Vaccines and Airline Travel: A Federal Role to Protect the Public Health

30 Pages Posted: 26 Jul 2016

See all articles by Christopher T. Robertson

Christopher T. Robertson

University of Arizona - James E. Rogers College of Law; Harvard University - Petrie-Flom Center for Health Law Policy, Biotechnology, and Bioethics

Date Written: July 22, 2016

Abstract

This Article explores two ways in which airline travel is an important vector for the spread of infectious disease, and argues that airlines have market-based and liability-based reasons to require that passengers be vaccinated. Going further, the Article explores whether the federal government has the legal and constitutional authority — especially under the Commerce Clause — to encourage or mandate that airlines implement such a vaccine screen. By disrupting the spread of disease at key network nodes where individuals interact and then connect with other geographic regions, and by creating another incentive for adult vaccination, an airline vaccine screen could be an effective and legally viable tool for the protection of public health.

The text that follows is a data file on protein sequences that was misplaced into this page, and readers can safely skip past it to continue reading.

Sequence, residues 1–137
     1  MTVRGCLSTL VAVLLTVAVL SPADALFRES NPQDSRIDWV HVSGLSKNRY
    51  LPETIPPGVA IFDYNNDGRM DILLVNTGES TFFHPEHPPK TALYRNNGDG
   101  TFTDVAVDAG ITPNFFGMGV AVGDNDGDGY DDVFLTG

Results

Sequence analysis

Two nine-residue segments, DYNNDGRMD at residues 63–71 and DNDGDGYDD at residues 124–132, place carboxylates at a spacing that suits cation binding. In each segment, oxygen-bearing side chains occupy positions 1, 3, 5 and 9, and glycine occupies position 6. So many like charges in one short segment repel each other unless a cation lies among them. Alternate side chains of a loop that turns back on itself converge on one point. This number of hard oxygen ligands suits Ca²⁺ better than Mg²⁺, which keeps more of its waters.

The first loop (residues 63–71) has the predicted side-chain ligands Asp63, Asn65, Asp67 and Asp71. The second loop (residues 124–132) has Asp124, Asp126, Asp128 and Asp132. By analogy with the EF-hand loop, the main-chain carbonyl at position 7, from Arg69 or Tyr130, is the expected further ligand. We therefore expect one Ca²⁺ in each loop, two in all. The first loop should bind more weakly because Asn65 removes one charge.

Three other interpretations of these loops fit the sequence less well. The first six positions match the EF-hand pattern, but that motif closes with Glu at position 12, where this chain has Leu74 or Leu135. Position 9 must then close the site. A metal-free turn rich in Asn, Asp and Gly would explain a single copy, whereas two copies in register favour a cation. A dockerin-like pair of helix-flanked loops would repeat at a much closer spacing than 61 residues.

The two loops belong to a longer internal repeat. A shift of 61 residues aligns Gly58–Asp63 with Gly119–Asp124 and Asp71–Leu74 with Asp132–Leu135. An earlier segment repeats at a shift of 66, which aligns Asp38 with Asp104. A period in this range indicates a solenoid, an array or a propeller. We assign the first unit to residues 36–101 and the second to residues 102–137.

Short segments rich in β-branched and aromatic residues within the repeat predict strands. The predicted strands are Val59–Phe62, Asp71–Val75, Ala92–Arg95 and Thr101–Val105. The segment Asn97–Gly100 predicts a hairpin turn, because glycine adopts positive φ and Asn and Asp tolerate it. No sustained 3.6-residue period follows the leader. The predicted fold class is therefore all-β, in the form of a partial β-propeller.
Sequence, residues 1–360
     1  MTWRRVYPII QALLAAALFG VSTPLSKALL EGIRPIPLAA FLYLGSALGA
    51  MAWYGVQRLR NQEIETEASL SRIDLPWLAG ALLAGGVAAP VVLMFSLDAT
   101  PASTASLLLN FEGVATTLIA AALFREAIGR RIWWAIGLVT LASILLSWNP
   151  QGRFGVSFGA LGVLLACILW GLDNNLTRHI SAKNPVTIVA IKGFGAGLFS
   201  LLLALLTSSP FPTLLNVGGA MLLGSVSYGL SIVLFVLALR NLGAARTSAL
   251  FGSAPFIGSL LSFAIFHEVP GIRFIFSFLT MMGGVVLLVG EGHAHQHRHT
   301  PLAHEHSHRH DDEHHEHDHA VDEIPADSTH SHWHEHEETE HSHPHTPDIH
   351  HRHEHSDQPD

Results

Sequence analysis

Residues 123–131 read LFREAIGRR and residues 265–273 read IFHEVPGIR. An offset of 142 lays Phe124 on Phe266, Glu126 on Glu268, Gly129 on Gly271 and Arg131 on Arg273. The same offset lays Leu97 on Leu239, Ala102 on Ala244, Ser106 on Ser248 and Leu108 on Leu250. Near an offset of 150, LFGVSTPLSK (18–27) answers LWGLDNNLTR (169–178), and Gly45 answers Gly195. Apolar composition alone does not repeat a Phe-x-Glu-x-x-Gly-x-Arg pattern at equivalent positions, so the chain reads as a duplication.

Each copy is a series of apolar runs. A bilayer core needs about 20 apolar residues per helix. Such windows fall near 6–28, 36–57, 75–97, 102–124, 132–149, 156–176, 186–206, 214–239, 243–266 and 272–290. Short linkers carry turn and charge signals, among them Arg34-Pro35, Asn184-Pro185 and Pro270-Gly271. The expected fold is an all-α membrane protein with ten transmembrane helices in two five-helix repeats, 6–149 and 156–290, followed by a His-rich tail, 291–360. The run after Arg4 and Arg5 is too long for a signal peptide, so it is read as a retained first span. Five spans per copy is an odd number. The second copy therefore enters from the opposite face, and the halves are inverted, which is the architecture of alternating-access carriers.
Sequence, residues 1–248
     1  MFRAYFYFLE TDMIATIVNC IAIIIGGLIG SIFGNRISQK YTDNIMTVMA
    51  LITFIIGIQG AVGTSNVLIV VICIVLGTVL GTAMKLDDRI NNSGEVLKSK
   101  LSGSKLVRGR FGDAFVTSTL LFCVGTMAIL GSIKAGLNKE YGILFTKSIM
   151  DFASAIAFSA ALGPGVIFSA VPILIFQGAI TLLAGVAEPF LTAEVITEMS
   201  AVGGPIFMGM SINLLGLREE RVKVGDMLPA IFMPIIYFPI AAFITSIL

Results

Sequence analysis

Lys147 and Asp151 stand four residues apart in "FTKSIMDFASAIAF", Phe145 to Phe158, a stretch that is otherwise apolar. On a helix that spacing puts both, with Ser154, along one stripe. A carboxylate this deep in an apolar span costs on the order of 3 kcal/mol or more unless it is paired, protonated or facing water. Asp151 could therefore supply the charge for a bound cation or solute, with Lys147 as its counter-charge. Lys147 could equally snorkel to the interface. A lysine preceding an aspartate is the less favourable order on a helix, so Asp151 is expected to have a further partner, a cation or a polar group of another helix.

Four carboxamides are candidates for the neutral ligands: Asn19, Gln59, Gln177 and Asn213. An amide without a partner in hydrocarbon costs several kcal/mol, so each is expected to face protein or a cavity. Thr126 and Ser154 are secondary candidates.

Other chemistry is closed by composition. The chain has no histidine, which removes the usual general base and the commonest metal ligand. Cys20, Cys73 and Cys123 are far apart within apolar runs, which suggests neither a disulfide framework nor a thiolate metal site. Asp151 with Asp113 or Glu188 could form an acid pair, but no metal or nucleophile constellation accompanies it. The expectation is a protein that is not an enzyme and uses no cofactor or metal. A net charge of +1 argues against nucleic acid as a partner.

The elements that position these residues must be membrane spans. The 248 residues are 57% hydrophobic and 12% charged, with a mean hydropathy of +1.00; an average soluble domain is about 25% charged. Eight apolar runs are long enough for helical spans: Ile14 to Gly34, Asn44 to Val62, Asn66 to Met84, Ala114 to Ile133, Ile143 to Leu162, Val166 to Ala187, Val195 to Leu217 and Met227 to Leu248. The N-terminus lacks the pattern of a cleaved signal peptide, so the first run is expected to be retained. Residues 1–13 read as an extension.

Keywords: vaccines, public health, airline travel, infectious disease, vaccine screen

Suggested Citation

Robertson, Christopher T., Vaccines and Airline Travel: A Federal Role to Protect the Public Health (July 22, 2016). 42 American Journal of Law and Medicine 543 (2016); Arizona Legal Studies Discussion Paper No. 16-22. Available at SSRN: https://ssrn.com/abstract=2814232

Christopher T. Robertson (Contact Author)

University of Arizona - James E. Rogers College of Law ( email )

P.O. Box 210176
Tucson, AZ 85721-0176
United States

HOME PAGE: http://www.law.arizona.edu/faculty/getprofile.cfm?facultyid=714

Harvard University - Petrie-Flom Center for Health Law Policy, Biotechnology, and Bioethics ( email )

23 Everett Street
Cambridge, MA 02155
United States

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